How Do You Make A Hormone?

In one of my first posts, I alluded to the numerous factors that play into a woman’s libido. So, it might not be surprising that the lack of sexy updates on my part over the past many weeks was a result of encountering one or more of these factors. And, like anything else in life; when it rains, it pours.

By all outward indications, my sex drive should have been healthy. I’m in two loving, sexy, committed relationships and am happier now than I’ve ever been. I reached my ideal weight goal (exceeded it, actually). I’m healthier and fitter now – in my late 40s (a time when a woman’s libido typically revs up) – than at any other point in my life, even those times when I rigorously exercised most days of the week. In virtually every respect, I felt great. But, my libido wasn’t just low…it was non-existent.

I’ve been on the same anti-depressant for more than 15 years, and given that I’ve felt so good, I thought a reduction in dose would be reasonable. I’m a firm believer that one objective of medication is to provide relief at the lowest possible dose. As with nearly all other kinds of medicine, anti-depressants produce an increased number of side effects at higher doses; typically, a low libido is one of those effects. I tapered down 25mg with no notable difference. Six weeks later, I tapered down another 25mg. Four weeks later, my libido went from 0 to -50. Sex and romance weren’t just unappealing, they were repulsive.

W T F?

I might still be in the dark about the underlying cause of this drop, but I do know of one other factor that changed during this time. I had an annual physical a few weeks ago, and one of my blood tests revealed that my thyroid is running hyperactive. This is noteworthy, as I’ve been on medication for hypothyroidism now for almost 20 years. So, what happened?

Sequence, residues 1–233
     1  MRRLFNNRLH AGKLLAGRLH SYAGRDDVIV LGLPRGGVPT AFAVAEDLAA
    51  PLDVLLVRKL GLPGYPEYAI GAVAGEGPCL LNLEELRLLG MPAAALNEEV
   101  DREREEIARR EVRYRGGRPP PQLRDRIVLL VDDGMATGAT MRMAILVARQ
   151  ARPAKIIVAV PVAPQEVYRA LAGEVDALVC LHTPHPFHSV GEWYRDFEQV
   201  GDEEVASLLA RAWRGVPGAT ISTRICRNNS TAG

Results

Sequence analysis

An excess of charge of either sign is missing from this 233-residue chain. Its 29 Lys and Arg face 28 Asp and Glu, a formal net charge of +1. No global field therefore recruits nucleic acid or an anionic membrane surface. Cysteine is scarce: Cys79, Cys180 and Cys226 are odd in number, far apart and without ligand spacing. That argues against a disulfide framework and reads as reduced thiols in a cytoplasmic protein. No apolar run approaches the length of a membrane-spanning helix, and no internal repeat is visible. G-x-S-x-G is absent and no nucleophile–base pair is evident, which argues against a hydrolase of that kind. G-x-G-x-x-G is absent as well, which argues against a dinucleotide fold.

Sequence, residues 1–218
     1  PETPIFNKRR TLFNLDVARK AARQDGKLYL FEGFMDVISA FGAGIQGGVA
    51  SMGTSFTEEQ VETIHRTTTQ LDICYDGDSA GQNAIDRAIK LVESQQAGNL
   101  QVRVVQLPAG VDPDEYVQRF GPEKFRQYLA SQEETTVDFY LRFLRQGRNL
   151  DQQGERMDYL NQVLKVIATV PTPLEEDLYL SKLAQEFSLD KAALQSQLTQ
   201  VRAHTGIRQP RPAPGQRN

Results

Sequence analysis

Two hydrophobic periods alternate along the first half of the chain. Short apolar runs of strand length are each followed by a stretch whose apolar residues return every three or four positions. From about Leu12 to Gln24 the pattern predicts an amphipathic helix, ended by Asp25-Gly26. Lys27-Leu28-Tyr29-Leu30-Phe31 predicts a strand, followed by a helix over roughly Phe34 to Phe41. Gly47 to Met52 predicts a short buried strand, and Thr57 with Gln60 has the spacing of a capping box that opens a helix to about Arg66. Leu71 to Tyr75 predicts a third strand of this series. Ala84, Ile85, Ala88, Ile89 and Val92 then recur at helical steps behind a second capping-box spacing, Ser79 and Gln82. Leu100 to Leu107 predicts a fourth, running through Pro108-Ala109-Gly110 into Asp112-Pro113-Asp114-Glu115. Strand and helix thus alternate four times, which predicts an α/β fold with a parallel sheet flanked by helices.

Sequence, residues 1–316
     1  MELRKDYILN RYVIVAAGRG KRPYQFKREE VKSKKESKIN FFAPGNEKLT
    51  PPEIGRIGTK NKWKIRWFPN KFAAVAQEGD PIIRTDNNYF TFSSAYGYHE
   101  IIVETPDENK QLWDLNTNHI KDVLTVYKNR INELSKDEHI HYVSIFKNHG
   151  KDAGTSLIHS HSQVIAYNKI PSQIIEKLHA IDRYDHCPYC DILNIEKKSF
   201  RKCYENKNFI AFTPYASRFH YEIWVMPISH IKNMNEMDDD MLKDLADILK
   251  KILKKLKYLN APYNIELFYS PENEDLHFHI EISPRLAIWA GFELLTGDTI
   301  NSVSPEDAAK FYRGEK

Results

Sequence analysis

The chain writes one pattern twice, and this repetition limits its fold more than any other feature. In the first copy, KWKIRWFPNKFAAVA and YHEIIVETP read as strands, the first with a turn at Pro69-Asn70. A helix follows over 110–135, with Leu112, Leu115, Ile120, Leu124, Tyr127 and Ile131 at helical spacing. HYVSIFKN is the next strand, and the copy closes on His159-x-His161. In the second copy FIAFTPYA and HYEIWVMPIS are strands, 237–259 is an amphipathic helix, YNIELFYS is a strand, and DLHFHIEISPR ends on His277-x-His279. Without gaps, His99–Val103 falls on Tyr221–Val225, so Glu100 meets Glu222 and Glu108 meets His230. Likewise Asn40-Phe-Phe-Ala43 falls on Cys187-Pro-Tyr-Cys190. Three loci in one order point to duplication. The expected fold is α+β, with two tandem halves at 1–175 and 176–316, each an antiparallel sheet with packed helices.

• One possibility is that having lost 40 pounds, my current dose of Synthroid is now too high.
  • Another is related to changes in my diet, specifically those that involve Iodine intake, and other nutrients that support thyroid health or contribute to thyroid hormone production.
  • A random fluctuation is also possible.
  • A benign thyroid tumor is also possible, but far less likely.

I’m certain that the simplest answers are correct in this case, though I won’t know until my thyroid is rechecked in November. While I could try to experiment at this point (alter my diet or take only half my Synthroid dose) to see if a change brings my number back to normal, I realize the problem with that approach: if the number does drop, we can’t be as certain about the reason.

Likewise, I can’t be certain about the cause of my recent libido crash…

  • Could my abnormal TSH be part of it? It’s possible.
  • Could my anti-depressant dose reduction have caused or contributed? Definitely.
  • Could it have been just some random fluctuation in hormones? Without a doubt.

Ultimately, I know it’s all connected, one way or another. No doubt there are a hundred other things that contributed, even if only on an infinitesimally small level. Rather than drive myself bonkers trying to figure it out, I’ll just say, “Thank God it is over for now!”

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